Camelot Clearinghouse: About Arthur, Merlin &c. *AFTER* AD 1600


Well-Known Member
Aug 21, 2010
Here's a thread for discussion of works done more recently than the period (up through AD 1600) in the thread dedicated to the likes of Geoffrey of Monmouth, Marie de France, Chrétien de Troyes, Wolfram von Eschenbach, Robert de Boron, the Arthurian tales in the Mabinogion (there's a thread for that work), the Gawain Poet, Sir Thomas Malory, Edmund Spenser, &c.

Here, in future, may be found comments on works by Lord Tennyson, Arthur Machen, Charles Williams, C. S. Lewis,T. H. White, Mary Stewart, John Steinbeck, and less well-known folk. It will be up to Chronsfolk as to whether or not non-book items are discussed, e.g. art of the Pre-Raphaelites or Hal Foster's long-running Prince Valiant comic art series. It's up to others, but perhaps the works of Marion Zimmer Bradley could be ignored. At least, before posting on her writing, perhaps a prospective commenter could review the matter of the credible allegations made about her. Discussion of those allegations should be reserved for a different thread than this one. Go here, please:

Last edited:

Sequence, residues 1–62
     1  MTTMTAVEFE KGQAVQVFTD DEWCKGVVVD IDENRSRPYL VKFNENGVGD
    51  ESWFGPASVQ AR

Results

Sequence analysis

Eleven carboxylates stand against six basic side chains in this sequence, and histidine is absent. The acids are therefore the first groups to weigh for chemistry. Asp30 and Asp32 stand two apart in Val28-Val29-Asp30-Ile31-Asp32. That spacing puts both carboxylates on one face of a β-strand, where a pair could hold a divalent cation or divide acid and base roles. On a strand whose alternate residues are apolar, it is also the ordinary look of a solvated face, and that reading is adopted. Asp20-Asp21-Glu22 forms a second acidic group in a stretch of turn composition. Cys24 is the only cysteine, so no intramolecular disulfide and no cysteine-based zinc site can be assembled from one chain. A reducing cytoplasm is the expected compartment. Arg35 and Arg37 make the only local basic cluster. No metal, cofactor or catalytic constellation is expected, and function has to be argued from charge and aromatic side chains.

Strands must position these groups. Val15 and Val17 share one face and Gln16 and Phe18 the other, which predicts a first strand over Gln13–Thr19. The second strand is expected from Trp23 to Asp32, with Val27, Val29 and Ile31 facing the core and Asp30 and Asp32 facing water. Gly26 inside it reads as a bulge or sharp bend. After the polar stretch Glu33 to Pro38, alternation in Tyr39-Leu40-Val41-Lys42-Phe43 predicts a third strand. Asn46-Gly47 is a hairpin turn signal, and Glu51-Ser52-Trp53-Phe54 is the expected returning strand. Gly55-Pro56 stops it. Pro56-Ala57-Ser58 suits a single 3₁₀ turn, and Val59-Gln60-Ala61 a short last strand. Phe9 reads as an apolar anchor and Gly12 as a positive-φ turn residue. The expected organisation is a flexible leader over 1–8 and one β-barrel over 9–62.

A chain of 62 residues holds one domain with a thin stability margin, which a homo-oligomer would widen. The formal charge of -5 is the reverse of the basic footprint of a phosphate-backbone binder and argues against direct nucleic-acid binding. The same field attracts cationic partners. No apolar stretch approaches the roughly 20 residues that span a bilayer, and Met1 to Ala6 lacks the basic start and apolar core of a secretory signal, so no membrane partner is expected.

This week I've read (for the 11th time) C. S. Lewis's That Hideous Strength. I've seen more than one critic (e.g. Peter Goodrich in the scholarly anthology The Romance of Merlin) praise this third novel of the Cosmic Trilogy for Lewis's depiction of Merlin. Indeed, the whole assimilation of the Matter of Britain into Lewis's science fiction is a triumph of poetic imagination. I have never managed to read one of Terry Pratchett's books, but I wonder if Lewis's achievement is at the opposite end of a spectrum from his. My impression is that Pratchett takes materials of folklore, legend, and mythology and gives them all a contemporary humorous spin, deflating them, removing from them the aura of the numinous and exploiting the comic possibilities of incongruity by putting them through paces concocted by his own rather ordinary imagination. This might not be an accurate impression of Pratchett. I started one of his books (Carpe Jugulum) and could not persist with it. I suspect I would not care now for the de Camp and Pratt "Incomplete Enchanter" stories for the same reason. I think I read them in my teens largely because I got glimpses of myth through them, not so much for the humor -- if that's true I was probably not a very good reader of them, reading them for what they were not intended to do -- ? But, anyway, Lewis delightfully does the opposite, that is, he takes up the mundane, "buffered" public world we live in and refreshes it with myth -- also with, be it noted, very good descriptions of nature, making it "porous" again.*